Although it is a slightly inelegant term, “futureproofing” is one of the most important concepts in business-related Information Technology (IT).
Change is endemic
IT changes at an incredible rate.
Although it’s possible to argue with some justification that certain of the basic concepts haven’t changed for decades, the way those concepts are delivered most certainly has. In fact, fundamental changes requiring a sometimes fairly radical re-think of the way you do things, can happen several times within a single year!
Over the last 30 or 40 years, customers have become accustomed to that and many have coped admirably – but the pace of change is increasing.
This radical change can’t typically be described as being popular. Whilst it brings with it some very significant opportunities, it can also deliver some fairly meaty challenges, including:
- a seemingly endless cycle of maintenance and upgrading costs to cope with the new;
- risk – both in terms of operational continuity when changing websites and your strategic procurement decisions (i.e. getting it wrong when buying).
Understandably, travel site owners don’t relish the prospect of constantly writing large cheques in order to buy the latest approach and they are even less willing to face the risks of buying an obsolete or fundamentally flawed solution at the outset.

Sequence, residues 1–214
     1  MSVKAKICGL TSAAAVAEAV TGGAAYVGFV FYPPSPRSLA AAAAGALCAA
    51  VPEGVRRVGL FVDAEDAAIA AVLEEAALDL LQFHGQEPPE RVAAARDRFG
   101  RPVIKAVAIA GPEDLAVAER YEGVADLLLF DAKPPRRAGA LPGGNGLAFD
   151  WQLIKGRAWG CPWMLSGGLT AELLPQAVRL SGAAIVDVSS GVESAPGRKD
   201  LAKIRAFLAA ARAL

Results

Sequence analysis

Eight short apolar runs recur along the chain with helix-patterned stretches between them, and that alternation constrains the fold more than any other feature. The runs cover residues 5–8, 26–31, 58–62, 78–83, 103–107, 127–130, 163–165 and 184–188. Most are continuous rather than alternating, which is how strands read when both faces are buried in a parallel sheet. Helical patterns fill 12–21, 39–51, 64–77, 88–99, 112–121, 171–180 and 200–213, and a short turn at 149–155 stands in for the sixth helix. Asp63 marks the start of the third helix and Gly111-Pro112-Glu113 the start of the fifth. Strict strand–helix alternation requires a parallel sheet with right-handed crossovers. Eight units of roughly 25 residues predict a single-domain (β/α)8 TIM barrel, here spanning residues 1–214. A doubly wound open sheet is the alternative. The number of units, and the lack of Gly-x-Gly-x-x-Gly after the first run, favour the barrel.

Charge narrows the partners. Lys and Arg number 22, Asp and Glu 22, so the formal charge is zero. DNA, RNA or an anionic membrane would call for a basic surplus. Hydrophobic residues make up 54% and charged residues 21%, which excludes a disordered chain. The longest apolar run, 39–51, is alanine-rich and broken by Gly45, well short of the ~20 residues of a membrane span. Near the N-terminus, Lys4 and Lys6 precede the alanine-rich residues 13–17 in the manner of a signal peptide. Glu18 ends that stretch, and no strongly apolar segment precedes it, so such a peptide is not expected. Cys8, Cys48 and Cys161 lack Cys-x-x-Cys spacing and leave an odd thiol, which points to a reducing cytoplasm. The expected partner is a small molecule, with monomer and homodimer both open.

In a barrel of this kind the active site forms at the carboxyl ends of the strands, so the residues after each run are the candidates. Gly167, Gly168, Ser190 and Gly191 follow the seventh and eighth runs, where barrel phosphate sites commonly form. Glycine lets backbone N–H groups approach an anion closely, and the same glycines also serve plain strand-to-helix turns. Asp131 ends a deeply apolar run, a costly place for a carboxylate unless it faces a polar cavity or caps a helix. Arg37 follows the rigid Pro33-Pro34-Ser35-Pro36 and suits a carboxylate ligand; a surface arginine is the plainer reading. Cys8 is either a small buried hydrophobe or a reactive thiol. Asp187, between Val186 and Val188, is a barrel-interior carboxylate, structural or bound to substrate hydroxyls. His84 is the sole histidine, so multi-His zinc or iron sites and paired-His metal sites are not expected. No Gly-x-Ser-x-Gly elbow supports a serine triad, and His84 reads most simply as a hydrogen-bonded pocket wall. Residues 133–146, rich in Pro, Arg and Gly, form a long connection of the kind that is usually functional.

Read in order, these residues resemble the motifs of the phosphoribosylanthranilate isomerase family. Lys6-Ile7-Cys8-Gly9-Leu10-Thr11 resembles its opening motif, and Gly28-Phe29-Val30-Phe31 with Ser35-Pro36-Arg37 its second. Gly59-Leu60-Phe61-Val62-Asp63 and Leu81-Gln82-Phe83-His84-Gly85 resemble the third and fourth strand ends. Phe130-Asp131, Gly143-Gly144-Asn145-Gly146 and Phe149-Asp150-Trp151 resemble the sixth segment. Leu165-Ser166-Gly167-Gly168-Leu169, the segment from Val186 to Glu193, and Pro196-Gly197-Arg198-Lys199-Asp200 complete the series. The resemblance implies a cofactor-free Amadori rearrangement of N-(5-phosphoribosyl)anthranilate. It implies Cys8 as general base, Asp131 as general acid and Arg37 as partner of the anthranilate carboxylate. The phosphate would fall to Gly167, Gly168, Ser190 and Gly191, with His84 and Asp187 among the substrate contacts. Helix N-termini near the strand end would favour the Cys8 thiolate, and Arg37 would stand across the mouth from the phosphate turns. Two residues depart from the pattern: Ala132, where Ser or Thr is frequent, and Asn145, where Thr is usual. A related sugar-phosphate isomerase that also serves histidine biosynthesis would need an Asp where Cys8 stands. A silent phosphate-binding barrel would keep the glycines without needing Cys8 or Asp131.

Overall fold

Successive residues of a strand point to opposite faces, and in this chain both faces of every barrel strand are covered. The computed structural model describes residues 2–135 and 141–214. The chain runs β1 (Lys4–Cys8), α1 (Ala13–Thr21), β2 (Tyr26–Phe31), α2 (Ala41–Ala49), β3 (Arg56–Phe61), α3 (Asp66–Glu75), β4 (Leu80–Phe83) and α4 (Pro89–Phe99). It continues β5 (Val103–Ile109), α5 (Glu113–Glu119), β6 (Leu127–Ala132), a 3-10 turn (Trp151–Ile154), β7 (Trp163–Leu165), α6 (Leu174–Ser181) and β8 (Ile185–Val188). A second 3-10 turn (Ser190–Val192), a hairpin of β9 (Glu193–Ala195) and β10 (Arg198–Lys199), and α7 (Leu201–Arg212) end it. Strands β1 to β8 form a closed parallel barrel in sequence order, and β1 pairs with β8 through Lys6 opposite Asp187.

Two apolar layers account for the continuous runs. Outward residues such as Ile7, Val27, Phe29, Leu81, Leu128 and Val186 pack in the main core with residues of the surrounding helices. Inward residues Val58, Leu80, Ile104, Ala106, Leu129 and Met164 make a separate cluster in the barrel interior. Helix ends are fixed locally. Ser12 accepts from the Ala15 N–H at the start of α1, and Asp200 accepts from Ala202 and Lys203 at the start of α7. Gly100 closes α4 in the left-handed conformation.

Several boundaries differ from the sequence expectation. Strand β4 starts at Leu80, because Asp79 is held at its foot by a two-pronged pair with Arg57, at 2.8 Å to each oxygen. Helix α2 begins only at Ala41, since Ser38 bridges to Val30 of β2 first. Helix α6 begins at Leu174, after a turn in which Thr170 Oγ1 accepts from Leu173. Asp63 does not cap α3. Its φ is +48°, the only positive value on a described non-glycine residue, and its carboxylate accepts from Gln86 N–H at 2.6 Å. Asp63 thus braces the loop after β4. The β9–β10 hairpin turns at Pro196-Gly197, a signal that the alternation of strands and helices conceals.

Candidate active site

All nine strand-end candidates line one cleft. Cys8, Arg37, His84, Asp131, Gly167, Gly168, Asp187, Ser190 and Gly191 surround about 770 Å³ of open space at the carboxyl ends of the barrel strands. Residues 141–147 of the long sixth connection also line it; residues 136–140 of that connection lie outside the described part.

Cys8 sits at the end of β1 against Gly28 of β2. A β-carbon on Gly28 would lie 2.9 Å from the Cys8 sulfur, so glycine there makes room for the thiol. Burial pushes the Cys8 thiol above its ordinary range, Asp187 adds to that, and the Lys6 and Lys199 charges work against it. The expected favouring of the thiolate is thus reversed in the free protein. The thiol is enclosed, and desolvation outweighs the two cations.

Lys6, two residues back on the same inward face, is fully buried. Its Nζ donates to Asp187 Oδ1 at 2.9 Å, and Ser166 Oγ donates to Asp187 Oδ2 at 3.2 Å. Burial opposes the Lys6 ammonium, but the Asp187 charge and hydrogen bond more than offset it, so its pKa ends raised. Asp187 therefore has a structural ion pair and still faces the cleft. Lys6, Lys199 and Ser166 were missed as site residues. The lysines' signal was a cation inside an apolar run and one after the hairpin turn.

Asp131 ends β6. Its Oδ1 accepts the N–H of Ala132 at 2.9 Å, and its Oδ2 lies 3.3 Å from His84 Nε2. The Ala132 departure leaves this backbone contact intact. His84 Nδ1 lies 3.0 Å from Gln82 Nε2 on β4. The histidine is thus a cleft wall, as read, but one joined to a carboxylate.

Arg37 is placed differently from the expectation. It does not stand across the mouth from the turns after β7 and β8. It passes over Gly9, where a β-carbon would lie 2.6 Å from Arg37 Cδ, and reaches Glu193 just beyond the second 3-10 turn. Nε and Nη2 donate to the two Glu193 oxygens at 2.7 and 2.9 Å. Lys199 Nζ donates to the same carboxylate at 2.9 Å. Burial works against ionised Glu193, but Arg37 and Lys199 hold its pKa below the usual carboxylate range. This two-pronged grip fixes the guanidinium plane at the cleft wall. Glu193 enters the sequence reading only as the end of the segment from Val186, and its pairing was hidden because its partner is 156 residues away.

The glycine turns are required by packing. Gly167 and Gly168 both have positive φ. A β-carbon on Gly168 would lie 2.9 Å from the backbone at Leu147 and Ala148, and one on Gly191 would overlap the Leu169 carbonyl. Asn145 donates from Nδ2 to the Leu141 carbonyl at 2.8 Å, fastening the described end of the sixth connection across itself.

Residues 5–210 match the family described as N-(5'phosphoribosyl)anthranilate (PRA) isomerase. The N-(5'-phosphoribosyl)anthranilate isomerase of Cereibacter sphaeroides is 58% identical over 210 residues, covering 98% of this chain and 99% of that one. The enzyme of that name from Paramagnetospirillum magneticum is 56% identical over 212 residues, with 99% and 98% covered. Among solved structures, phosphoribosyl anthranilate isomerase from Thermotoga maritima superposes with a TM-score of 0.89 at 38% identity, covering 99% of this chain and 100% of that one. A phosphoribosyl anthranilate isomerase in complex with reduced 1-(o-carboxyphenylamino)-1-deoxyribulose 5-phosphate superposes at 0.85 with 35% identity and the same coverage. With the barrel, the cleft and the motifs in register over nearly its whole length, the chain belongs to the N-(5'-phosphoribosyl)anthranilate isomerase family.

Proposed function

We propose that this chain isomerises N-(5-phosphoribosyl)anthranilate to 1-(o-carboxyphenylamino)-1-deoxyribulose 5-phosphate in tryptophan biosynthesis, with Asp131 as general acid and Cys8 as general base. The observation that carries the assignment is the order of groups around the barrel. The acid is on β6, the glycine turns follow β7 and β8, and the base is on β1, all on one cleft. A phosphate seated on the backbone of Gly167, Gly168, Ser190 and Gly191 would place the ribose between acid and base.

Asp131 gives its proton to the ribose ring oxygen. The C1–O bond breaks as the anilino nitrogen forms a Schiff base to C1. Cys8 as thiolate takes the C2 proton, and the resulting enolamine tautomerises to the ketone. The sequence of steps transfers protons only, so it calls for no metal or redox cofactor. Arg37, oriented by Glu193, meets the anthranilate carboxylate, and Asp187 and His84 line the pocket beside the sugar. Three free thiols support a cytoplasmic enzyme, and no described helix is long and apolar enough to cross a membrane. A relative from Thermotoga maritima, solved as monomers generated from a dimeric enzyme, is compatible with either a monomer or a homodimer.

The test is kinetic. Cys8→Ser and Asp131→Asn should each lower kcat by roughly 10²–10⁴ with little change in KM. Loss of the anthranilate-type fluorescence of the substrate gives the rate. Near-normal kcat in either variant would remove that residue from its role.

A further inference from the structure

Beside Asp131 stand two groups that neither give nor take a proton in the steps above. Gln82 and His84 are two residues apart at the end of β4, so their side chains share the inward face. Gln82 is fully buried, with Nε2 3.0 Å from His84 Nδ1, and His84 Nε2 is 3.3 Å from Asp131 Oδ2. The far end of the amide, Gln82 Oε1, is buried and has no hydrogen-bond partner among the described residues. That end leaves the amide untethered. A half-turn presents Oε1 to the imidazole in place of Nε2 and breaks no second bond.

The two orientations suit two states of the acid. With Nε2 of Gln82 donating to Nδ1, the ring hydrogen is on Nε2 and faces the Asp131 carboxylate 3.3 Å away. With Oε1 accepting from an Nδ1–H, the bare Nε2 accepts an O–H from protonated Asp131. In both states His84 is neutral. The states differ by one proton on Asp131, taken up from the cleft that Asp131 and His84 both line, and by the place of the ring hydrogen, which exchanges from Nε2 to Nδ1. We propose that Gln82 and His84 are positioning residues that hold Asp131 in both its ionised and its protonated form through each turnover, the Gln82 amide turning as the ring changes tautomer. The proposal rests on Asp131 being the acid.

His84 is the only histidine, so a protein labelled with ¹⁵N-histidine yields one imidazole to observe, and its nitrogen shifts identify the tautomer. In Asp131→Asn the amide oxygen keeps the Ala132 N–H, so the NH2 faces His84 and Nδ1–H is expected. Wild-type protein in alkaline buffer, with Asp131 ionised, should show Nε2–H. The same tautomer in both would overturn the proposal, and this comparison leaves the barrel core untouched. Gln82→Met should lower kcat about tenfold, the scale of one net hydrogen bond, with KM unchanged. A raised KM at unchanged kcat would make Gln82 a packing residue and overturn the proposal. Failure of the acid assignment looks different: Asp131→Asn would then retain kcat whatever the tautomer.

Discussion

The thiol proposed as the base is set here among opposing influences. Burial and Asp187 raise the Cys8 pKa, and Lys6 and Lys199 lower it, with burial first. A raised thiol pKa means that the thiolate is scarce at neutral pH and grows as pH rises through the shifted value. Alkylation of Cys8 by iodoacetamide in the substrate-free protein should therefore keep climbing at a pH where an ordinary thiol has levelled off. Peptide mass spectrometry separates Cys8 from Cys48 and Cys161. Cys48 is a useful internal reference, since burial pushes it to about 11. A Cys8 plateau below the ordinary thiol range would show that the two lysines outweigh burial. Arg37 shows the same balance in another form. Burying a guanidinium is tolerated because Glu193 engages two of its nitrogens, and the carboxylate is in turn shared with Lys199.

All these concerns coalesce into the concept of “futureproofing”.
In IT, it is essentially impossible to purchase a “once-and-always” solution that will never need updating or perhaps replacing. No travel website designer, however skilled, can unconditionally promise that to a client, any more than a salesperson in a car showroom can declare that a vehicle will never break down or need replacing at a future date due to age.
However, a skilled travel website designer CAN reduce your costs and risks significantly in those respects. They will apply their skills to try and ensure that your travel website solution is as flexible as possible in terms of coping with potential future changes.
Those changes might be related to technical infrastructures, such as making sure it can seamlessly handle new releases of Android or Windows or indeed functional changes, such as new legislative requirements or changes in the way you decide you wish to engage with your clients.
That is called “futureproofing”.
How it’s done
Just some of the approaches a travel website designer might adopt, in principle, would include:
- avoiding the selection of esoteric software solutions that are non-standard in the marketplace (and hence possibly a technology dead-end in the near future);
- a simplicity of modular technical design, meaning that your website can be quickly changed as requirements demand without needing to start a rebuild every time virtually from scratch;
- using standard design and build methodologies that any technical person could understand and quickly modify, rather than being riskily exposed by eccentric bespoke approaches that create a reliance on a single technical “guru”;
- designing from the outset for a wide range of customer devices (smart phones, PCs etc.) rather than trying to bolt new device support onto the website on a case-by-case afterthought basis;
- modelling your process requirements for the customer experience, so the website reflects your and the customer’s requirements rather than what the designer or builders decided to give you (thereby reducing downstream changes and tweaks).
The right travel website designer, through futureproofing, can help you to eagerly anticipate the future rather than dread it!